China’s foreign ministry yesterday accused US Secretary of State Antony Blinken of “smearing” the country, after America’s top diplomat delivered a landmark policy speech calling for action to counterbalance Beijing’s influence.
In the most comprehensive statement to date on China by US President Joe Biden’s administration, Blinken said on Thursday the Asian power posed “the most serious long-term challenge to the international order”.
China has faced a chorus of warnings from the US and Western allies in recent days over its growing influence and global ambitions.
Blinken warned on Thursday of China’s “intent to reshape the international order” and called on countries to defend the status quo.
He also accused Beijing of raising tensions over Taiwan and said Beijing has “cut off Taiwan’s relations with countries around the world and (is) blocking it from participating in international organisations”.
Beijing hit out angrily at the speech yesterday, saying it “spreads false information, exaggerates the China threat, interferes in China’s internal affairs and smears China’s domestic and foreign policies”.
Foreign ministry spokesman Wang Wenbin told reporters that China “firmly opposed” the speech and it showed Washington sought to “contain and suppress China’s development and maintain US hegemony and power”.
The US recently launched a loose new trade framework across Asia and has set up a forum with the European Union to set technological standards.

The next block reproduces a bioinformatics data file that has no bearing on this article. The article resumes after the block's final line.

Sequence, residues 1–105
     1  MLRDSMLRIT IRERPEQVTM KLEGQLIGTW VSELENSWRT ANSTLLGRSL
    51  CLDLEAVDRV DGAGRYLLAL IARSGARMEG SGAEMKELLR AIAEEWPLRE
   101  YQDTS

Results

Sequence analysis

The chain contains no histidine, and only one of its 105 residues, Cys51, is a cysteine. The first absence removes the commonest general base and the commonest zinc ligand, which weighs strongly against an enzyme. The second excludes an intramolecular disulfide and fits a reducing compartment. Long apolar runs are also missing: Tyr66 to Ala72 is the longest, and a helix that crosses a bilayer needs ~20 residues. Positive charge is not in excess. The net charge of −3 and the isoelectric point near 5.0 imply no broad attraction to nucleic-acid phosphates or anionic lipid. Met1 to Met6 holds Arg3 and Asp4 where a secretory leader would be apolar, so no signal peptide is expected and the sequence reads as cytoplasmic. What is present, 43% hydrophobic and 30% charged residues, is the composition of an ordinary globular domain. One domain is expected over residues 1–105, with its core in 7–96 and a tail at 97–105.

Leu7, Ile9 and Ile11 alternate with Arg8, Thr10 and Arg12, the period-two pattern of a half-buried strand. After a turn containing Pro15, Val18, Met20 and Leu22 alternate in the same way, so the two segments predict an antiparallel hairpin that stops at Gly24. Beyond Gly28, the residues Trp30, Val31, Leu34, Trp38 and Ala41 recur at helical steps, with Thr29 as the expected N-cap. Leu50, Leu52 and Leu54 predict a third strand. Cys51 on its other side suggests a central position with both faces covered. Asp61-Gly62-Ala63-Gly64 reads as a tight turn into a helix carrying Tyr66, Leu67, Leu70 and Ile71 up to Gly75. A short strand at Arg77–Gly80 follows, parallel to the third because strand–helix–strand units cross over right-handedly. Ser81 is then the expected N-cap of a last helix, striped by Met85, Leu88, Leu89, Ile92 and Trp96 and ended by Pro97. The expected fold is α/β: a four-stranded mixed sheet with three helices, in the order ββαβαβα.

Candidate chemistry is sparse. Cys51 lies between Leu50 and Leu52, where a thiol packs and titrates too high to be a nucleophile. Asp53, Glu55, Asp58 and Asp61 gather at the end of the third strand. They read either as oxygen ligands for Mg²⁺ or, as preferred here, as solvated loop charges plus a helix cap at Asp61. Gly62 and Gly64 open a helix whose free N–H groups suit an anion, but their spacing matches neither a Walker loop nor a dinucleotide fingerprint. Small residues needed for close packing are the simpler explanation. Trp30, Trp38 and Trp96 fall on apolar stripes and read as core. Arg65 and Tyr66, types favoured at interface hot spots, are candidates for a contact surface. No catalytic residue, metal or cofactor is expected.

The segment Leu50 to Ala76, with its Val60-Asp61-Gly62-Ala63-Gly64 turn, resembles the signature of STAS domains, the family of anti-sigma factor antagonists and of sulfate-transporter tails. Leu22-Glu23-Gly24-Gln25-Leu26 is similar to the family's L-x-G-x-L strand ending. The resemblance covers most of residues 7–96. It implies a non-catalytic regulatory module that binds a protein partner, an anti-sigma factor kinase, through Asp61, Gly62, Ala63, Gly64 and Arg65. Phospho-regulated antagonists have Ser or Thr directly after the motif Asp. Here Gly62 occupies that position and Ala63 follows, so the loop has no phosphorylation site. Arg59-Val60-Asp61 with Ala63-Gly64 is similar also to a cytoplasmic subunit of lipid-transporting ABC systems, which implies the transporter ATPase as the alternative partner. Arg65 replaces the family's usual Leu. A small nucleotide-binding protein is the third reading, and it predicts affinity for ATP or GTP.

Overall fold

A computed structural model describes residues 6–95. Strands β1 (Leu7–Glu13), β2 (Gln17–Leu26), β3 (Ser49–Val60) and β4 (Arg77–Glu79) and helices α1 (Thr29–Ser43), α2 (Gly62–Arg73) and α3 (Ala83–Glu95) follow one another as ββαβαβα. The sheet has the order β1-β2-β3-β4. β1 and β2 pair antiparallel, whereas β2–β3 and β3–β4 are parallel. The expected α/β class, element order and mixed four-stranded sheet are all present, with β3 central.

The efforts are aimed at uniting like-minded nations as China dominates new fields, such as artificial intelligence.
Blinken acknowledged a growing consensus that other nations cannot change the trajectory of China, saying that under President Xi Jinping it has become “more repressive at home, more aggressive abroad”.
“There is growing convergence about the need to approach relations with Beijing with more realism,” he said.
The speech by the US secretary of state contrasted with the approach under former president Donald Trump, whose administration spoke in stark terms of an all-out global conflict with China.
On trips to Africa and Latin America, where China has invested billions of dollars in infrastructure, Blinken has downplayed US-China competition and has not asked nations to take sides.
“We are not looking for conflict or a new Cold War. To the contrary, we’re determined to avoid both,” he said in his speech.
“We don’t seek to block China from its role as a major power, nor to stop China — or any other country for that matter — from growing their economy or advancing the interests of their people.”
But he said that defending the current global order, including international law and agreements, would “make it possible for all countries - including the US and China - to co-exist and co-operate”.
Biden on Monday made waves by offering the most explicit pledge in decades that the US would militarily defend Taiwan from any invasion by Beijing.
Pacific nations urged to shun China security deals
Australia yesterday urged South Pacific nations to spurn China’s attempts to extend its security reach across the region, seeking to fend off a high-level charm offensive by Beijing. Foreign Minister Penny Wong was in Fiji on her first solo visit, seeking to woo island states after the Solomon Islands took Canberra by surprise last month by signing a wide-ranging security pact with China. “We have expressed our concerns publicly about the security agreement,” Wong told reporters in the capital of Suva. “As do other Pacific islands, we think there are consequences. We think that it’s important that the security of the region be determined by the region. And historically that has been the case. And we think that is a good thing.” In a duel for influence, China’s Foreign Minister Wang Yi was flying across the Pacific at the same time to discuss Beijing’s plan to dramatically expand its security and economic engagement.
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